Round table contributions
Industry standards make it possible for systems and technologies to connect and work together. Standards enable today’s integrated systems. But does adherence to standards stifle innovation? Does the necessity to interface using an industry-wide standard slow down the implementation of newer (and possibly not standards-compliant) capabilities? Or do standards eliminate extraneous variables, empower more integration and encourage greater innovation? We asked this week’s Expert Panel Roundtable: How does the use of standards either stifle or jump-start innovation?
For many years, cybersecurity was the unmentioned elephant in the room. Possible vulnerability of IP-connected devices to a cyber-attack was seldom, if ever, mentioned, and even the most basic measures to prevent such an attack were not implemented. For the last couple of years, however, the physical security industry has begun talking more about cybersecurity, in some cases with an abounding enthusiasm typical of the newly-converted. Have our discussions sufficiently addressed the long-standing lack of awareness? We asked this week’s Expert Panel Roundtable: Are we talking enough about cybersecurity? Or too much? (And why?)
Hospitals and healthcare facilities are an important vertical sector in the physical security market. Protecting healthcare facilities is a rich opportunity to leverage the value of physical security systems that range from video to access control to newer location and asset protection systems. But understanding how technology can excel in the healthcare vertical requires that we first identify and understand what these institutions need. Therefore, we asked this week’s Expert Panel Roundtable: What are the physical security challenges of hospitals and healthcare?
Meeting a customer’s expectations is a key component of success for any business, including the physical security market. However, understanding customers’ expectations is a big challenge, which is made even more difficult because those expectations are a moving target. We asked this week’s Expert Panel Roundtable: How are customer expectations changing in the physical security market? Their wide-ranging answers highlight elements from technology expectations to adaptability to change.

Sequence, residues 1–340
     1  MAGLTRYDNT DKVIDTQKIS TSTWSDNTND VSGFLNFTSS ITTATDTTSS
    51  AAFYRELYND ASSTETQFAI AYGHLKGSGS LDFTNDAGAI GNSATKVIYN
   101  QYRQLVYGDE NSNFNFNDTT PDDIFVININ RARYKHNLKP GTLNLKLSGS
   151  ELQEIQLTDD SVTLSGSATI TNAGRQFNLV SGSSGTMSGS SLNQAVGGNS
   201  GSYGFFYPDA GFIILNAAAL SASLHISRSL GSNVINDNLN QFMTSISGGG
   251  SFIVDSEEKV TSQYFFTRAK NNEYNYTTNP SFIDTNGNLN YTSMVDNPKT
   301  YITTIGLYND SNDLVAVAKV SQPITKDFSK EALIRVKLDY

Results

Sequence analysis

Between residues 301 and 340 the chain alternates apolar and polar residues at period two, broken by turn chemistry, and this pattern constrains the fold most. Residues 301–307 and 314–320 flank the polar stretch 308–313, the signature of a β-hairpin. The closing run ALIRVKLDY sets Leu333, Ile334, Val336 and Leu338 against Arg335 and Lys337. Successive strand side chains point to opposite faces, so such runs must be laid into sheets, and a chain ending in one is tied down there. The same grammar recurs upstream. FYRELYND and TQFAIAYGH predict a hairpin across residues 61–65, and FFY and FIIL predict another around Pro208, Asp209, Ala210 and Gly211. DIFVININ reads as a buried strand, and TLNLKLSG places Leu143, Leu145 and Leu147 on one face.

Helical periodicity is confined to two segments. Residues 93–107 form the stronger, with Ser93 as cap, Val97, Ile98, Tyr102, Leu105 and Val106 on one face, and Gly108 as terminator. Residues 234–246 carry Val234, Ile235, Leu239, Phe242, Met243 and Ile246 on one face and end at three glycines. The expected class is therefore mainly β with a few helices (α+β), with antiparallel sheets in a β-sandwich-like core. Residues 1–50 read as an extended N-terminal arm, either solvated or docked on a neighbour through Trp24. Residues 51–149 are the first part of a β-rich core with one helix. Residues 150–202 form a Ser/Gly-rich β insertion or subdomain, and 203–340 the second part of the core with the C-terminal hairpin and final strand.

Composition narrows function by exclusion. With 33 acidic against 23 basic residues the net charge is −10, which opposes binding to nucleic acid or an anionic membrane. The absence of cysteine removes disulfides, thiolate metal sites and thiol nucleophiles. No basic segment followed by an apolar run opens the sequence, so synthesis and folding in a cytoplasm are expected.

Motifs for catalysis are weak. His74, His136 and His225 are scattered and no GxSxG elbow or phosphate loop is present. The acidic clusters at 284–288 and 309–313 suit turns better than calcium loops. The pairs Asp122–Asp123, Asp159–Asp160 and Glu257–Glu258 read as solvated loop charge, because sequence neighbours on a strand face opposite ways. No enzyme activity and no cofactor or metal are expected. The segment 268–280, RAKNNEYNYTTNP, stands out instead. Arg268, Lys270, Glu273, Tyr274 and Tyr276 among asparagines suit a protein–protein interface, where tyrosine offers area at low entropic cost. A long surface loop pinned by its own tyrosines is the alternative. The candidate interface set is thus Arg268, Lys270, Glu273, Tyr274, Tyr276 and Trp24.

Rapid changes in technology span both the consumer and the physical security markets. In the consumer market, technology innovation is nowhere more apparent than in the palms of our hands, where we all hold the latest smartphones and mobile devices. Simply put, the unprecedented power and capabilities of today’s smart phones have changed our lives. No wonder they are also having an impact on our business of physical security systems. Although a consumer product, smartphones increasingly play a role in security. We asked this week’s Expert Panel Roundtable: How are smartphones impacting technologies in the physical security market?
Security 101 recently ranked in Entrepreneur magazine’s Franchise 500, the world’s first, best and most comprehensive franchise ranking. Placement in the Franchise 500 is a highly sought-after honour in the franchise industry, as evidenced by the fact that Entrepreneur received more than 1,000 applications this year, making it one of the company’s most competitive rankings ever. Recognised as an invaluable resource for potential franchisees, the Franchise 500 ranks Security 101 as 273rd for its outstanding performance in areas including unit growth, financial strength and stability, and brand power. “This is the first time we submitted our name for Franchise 500 consideration and it’s encouraging to rank so well among other established industries,” said Corey Tyriver, director of marketing for Security 101. “It validates security integration as an emerging trend and shows that a franchise model can be successful.” It validates security integration as an emerging trend and shows that a franchise model can be successful" Fresh ideas "This year’s Franchise 500 ranking features both up-and-comers who bring fresh ideas to an ever- changing industry, as well as savvy stalwarts that have thrived for decades. We are proud to highlight and celebrate them all,” says Jason Feifer, editor in chief of Entrepreneur. “Our results show that the industry is strong—and that the most enduring franchisors are those who learn to balance innovation with reliability. That’s how to attract new customers while keeping the old ones happy.” The key factors that go into Entrepreneur’s evaluation include costs and fees, size and growth, support, brand strength, and financial strength and stability. All franchises are given a cumulative score based on more than 150 data points, and the 500 franchises with the highest cumulative scores become the Franchise 500 in ranking order. Primary research tool Over its 39 years in existence, the Franchise 500 has become both a dominant competitive measure for franchisors and a primary research tool for potential franchisee’s position on the ranking is a testament to its strength as a franchise opportunity.